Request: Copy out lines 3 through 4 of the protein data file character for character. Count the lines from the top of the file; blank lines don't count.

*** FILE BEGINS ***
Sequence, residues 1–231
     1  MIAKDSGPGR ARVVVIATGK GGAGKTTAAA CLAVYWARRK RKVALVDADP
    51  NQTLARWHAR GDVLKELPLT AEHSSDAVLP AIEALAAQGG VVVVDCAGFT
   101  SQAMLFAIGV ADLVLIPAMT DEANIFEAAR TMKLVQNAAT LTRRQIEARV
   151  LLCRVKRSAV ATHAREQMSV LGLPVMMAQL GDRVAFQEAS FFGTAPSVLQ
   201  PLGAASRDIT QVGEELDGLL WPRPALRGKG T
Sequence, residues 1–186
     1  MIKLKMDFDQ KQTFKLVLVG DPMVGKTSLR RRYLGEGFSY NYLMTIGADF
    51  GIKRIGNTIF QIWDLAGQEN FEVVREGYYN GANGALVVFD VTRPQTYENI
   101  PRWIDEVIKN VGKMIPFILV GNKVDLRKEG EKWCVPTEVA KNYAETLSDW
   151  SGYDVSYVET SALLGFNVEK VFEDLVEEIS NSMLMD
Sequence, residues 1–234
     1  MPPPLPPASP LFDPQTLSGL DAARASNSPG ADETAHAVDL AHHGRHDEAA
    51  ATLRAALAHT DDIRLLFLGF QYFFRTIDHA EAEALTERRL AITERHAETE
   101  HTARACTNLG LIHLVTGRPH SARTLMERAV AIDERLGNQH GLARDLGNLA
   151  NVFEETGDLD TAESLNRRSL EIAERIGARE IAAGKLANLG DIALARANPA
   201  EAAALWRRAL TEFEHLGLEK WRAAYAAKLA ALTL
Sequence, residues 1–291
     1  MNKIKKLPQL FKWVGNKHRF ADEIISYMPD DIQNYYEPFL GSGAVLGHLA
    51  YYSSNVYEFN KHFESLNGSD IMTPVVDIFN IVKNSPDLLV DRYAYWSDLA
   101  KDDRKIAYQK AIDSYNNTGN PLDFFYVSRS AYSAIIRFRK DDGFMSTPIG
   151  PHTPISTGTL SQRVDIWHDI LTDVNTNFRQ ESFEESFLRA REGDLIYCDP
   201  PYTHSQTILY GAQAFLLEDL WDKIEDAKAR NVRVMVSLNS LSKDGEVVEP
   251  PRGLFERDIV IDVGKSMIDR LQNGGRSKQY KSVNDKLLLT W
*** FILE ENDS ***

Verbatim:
    51  NQTLARWHAR GDVLKELPLT AEHSSDAVLP AIEALAAQGG VVVVDCAGFT
   101  SQAMLFAIGV ADLVLIPAMT DEANIFEAAR TMKLVQNAAT LTRRQIEARV